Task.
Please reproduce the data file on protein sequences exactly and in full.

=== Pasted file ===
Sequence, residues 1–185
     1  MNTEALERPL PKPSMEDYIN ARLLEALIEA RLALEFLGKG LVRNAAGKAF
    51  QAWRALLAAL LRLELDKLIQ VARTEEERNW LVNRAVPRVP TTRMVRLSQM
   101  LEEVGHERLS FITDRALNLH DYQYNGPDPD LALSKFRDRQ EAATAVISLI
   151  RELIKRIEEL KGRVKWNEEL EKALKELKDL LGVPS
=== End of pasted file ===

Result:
Sequence, residues 1–185
     1  MNTEALERPL PKPSMEDYIN ARLLEALIEA RLALEFLGKG LVRNAAGKAF
    51  QAWRALLAAL LRLELDKLIQ VARTEEERNW LVNRAVPRVP TTRMVRLSQM
   101  LEEVGHERLS FITDRALNLH DYQYNGPDPD LALSKFRDRQ EAATAVISLI
   151  RELIKRIEEL KGRVKWNEEL EKALKELKDL LGVPS